Clark Gillian

The Devious Dragon and the Fall of the Emperor


Chapter 37.
The light of the lantern.

The Fool awoke with a jolt, the crumbling stones of the tower digging into his back. Disoriented, he scanned the dim chamber, memory slowly trickling back.

Stranded. Tower. Desert.

His stomach grumbled, reminding him of the usual provisions left by the Hermit – but this time, the space beside his makeshift bed was bare. Only a rough robe and an empty lantern lay there.

"The Hermit…" the Fool muttered, a knot of worry tightening in his gut. Had the old wanderer finally met his end in the unforgiving desert? Poisonous fangs, perhaps, or the sting of a scorpion? Pulling on the robe, he found comfort in its worn warmth, a meager shield against the sun's merciless glare.

Emerging from the tower, he searched for tracks around the collapsed section where the Hermit had resided. The wind, however, had erased any trace, even his own fresh footprints vanishing behind him like fleeting memories. An unsettling wind picked up, whispering a sandstorm's approach in the distance. He scrambled back to the tower, seeking refuge as the sky turned the color of ochre dust.

Nightfall brought a fragile peace. The Fool, lantern clasped in hand, ventured out once more, driven by a gnawing concern for the Hermit. Moonlight bathed the dunes in an ethereal glow, but the lantern remained stubbornly dark. No oil, no wick – nothing to coax a flame into life.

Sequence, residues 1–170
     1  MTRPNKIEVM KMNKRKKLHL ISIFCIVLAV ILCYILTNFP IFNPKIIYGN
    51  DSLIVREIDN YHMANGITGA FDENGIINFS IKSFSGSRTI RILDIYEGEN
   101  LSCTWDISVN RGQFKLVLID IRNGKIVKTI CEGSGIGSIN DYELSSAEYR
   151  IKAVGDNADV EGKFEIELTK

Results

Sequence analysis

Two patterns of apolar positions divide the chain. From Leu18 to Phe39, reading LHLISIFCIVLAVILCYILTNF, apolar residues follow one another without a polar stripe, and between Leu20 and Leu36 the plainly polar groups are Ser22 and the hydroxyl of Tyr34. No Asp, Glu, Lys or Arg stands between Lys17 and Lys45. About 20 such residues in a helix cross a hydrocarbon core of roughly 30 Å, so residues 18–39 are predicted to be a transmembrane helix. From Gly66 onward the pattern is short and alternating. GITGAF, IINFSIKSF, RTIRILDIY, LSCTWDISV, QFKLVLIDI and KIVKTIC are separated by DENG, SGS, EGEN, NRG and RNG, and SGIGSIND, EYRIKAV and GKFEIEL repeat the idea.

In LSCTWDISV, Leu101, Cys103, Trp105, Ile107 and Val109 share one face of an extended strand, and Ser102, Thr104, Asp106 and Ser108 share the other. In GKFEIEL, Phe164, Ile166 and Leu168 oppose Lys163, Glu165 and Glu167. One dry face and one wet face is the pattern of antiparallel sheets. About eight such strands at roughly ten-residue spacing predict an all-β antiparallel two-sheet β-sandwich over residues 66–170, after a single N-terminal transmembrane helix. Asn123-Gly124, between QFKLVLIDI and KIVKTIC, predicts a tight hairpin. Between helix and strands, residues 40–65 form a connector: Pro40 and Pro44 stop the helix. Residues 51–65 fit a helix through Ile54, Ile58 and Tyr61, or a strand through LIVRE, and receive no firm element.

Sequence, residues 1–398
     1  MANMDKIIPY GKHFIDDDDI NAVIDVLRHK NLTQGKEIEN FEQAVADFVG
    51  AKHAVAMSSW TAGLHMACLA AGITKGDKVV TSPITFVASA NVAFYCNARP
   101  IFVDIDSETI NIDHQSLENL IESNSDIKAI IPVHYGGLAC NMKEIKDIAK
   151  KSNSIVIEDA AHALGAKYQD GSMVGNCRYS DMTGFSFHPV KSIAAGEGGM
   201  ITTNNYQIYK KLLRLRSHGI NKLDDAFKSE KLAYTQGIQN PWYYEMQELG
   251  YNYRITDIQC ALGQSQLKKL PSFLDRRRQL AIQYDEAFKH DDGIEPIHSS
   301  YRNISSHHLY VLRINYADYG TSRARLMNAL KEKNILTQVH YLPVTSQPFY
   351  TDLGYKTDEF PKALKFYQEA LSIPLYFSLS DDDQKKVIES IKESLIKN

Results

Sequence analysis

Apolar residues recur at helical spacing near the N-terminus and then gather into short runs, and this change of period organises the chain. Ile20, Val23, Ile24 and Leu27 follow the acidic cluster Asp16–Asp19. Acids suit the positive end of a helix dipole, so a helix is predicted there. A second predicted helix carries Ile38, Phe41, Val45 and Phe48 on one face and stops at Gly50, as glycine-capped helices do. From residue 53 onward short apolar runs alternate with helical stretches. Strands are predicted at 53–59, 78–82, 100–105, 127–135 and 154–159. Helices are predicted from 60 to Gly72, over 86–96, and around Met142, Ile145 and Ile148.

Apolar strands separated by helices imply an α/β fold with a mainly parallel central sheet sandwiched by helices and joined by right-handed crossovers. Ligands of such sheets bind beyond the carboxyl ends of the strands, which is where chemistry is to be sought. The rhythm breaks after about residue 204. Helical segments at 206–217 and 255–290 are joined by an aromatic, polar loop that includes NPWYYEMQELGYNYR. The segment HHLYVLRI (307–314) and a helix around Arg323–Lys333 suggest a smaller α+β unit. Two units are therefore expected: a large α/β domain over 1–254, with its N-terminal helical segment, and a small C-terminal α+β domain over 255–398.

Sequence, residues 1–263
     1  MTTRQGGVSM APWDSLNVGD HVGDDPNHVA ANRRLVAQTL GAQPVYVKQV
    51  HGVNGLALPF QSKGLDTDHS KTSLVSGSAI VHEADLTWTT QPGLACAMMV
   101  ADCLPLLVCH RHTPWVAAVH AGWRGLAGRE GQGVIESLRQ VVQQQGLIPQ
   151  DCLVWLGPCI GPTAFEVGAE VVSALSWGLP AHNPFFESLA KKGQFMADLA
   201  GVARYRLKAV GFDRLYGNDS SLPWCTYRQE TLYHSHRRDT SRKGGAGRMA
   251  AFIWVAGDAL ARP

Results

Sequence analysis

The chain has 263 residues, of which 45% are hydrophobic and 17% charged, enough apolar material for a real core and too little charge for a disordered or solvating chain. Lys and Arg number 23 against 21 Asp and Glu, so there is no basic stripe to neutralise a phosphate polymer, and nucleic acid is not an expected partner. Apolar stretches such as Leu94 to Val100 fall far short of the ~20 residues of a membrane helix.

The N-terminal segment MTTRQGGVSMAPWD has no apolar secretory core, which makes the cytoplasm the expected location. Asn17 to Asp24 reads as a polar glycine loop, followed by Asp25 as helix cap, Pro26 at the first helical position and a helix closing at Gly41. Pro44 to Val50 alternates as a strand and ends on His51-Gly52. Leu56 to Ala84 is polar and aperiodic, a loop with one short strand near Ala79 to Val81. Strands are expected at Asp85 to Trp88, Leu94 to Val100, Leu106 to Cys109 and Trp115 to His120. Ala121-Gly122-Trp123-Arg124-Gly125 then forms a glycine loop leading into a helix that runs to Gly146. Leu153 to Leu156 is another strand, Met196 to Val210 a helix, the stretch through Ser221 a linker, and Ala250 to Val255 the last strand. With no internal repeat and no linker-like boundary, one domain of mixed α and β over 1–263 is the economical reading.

"Hermit! Hermit!" his voice echoed into the vast emptiness, swallowed by the silence. Hope dwindled with each unanswered call.

The Fool stared at the lantern, frustration twisting his gut. "Cursed thing!" he muttered, "Why didn't the Hermit share its secrets?" In a fit of anger, he struck the lantern against the sand. Instead of shattering, a blinding light pulsed upwards.

As the light subsided, a breathtaking sight materialized: a large fairy with cascading hair and wings woven from moonlight. She gently placed two vases on the sand before him and asked, her voice melodic, "Have you found your friend?"

The Fool's hope deflated. "No," he croaked, his voice hoarse.

The fairy's eyes, soft pools of light, held understanding. "Perhaps I can help," she offered. Relief washed over him, and he readily agreed.

With a graceful sweep of her wings, she scooped him up, soaring into the star-dusted expanse. "Look!" she instructed, her voice carried by the wind, "Search for your friend from above."

He scanned the endless dunes, the vastness both awe-inspiring and disheartening. No sign of the Hermit. The fairy descended, her brow furrowed. "Did you find him?" she inquired.

With a heavy heart, the Fool shook his head. "No."

She ascended once more, climbing higher until the entire desert unfolded beneath them like a wrinkled tapestry. Still, no Hermit. "Do you see him?" the fairy's voice, though gentle, held a hint of urgency.

"No," the Fool whispered, despair creeping into his voice.

The fairy soared higher, piercing through the clouds, until the world stretched out beneath them like a vibrant globe. The Fool searched frantically, his eyes scanning every corner, but the Hermit remained elusive.

"Do you see him?" the fairy's voice echoed, laced with concern.

"No," the Fool admitted, his voice small.

Their ascent continued, reaching the realm of twinkling stars. Even amidst this cosmic spectacle, the Hermit was nowhere to be found.